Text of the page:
way today, and they do not want to have to change. How can we
make them safer without asking them to change the way they
interact with the product? Sandboxing is one of the things that
made it through the initial process, and we made a big
investment to implement this.

We started this summer of '09, or early summer, and we made the
announcement last week that we were going to test Sandboxing in
the next major version of Adobe Reader. The first release is
going to be write-only, so the Sandbox will run Reader in a low
process, low-rates process. If an attacker found a vulnerability
in the product that today might allow them to take over the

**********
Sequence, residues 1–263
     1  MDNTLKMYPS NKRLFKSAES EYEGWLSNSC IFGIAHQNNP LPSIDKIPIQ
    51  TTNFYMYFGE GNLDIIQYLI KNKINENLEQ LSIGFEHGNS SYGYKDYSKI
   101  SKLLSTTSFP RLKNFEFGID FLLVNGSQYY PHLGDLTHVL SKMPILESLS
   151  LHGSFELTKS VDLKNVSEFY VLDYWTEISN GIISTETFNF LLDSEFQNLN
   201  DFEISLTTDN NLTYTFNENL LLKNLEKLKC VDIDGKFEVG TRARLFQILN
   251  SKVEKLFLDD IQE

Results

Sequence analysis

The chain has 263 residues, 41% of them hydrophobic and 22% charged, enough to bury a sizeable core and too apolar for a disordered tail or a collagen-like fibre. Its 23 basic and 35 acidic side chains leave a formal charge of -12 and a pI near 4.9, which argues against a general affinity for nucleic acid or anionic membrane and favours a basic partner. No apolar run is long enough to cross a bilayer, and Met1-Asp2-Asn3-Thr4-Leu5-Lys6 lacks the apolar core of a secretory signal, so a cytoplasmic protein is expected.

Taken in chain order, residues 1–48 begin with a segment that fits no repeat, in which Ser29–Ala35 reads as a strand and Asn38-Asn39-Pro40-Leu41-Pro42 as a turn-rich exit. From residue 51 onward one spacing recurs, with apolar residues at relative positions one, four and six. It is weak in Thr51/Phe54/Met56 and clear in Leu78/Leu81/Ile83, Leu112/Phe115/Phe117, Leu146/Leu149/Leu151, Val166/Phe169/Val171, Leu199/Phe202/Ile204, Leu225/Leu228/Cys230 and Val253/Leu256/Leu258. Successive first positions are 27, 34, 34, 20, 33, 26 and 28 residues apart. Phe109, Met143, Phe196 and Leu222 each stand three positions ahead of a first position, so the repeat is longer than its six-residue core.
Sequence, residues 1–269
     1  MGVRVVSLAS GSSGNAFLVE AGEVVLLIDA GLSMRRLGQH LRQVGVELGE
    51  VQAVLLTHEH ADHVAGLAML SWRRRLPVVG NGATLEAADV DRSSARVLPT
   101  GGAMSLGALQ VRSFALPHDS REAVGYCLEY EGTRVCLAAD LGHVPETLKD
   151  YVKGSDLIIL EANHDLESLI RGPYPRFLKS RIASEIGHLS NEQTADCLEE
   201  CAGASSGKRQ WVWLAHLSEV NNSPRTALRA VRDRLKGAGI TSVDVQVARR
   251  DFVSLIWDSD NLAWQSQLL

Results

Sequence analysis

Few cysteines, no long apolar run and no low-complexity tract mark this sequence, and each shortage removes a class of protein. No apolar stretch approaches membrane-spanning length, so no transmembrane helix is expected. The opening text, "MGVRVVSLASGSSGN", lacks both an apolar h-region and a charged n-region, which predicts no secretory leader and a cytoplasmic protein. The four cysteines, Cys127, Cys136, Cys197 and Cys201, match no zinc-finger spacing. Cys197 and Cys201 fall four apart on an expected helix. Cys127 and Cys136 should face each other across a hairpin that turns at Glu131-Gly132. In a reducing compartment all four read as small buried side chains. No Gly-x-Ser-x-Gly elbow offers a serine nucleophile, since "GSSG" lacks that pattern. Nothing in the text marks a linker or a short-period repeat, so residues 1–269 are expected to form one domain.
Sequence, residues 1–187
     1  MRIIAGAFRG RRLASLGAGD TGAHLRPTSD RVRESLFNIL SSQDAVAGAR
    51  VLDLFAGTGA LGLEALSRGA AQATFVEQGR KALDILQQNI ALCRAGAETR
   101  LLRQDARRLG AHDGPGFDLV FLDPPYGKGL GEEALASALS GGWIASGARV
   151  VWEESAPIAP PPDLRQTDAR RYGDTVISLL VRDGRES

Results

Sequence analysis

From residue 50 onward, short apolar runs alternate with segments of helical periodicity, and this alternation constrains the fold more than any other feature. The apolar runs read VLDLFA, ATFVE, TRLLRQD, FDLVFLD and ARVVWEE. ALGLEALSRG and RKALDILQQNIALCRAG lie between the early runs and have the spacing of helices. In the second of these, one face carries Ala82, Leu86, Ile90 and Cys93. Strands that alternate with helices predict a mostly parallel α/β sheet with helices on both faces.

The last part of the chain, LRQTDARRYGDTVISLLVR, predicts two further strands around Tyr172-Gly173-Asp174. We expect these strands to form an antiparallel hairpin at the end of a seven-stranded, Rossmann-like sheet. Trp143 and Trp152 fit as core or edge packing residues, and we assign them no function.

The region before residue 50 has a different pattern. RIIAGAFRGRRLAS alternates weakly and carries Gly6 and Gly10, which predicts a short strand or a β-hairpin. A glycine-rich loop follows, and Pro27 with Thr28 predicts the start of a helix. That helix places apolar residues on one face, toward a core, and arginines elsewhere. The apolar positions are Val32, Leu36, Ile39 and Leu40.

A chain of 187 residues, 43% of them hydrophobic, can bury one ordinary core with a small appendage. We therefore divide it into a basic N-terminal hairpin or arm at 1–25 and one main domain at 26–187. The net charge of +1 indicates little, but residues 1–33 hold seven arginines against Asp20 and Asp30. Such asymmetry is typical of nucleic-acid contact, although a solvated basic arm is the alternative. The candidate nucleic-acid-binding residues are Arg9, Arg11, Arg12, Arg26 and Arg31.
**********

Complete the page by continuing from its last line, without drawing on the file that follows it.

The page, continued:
computer, in the future, with Sandboxing, they will be stuck in
the sandbox, initially that means they will not be able to write
to the machine, install software, or tamper with the registry.
We intend, in a second phase, to extend that Sandbox to read-
only activities as well, so that an attacker in the Sandbox will
not be able to read the hard drive, read the file system, or
read the registry.

Reader has a lot of situations where it does need to actually,
legitimately contact and make changes to these resources, so we
had to implement a broker process that is able to proxy through
these requests. Taking a product with such a history as Reader,
retrofitting a Sandbox onto it, making sure that everything
works the way it used to without any change, is a significant
investment, it took a lot of work. The team has been working